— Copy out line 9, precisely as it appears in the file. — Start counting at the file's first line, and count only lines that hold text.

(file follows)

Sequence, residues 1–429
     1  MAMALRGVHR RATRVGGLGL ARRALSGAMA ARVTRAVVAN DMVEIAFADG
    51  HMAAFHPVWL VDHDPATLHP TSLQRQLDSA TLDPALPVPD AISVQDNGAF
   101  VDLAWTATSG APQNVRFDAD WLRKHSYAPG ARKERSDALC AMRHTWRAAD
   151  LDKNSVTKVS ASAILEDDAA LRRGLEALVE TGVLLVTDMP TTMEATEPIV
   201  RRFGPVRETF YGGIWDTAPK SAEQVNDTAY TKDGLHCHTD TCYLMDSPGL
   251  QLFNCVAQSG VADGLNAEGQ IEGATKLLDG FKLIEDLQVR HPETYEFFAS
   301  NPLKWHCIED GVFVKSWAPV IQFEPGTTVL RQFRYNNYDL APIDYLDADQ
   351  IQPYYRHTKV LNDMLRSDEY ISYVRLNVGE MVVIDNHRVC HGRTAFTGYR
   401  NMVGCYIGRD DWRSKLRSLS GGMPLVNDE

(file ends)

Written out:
   351  IQPYYRHTKV LNDMLRSDEY ISYVRLNVGE MVVIDNHRVC HGRTAFTGYR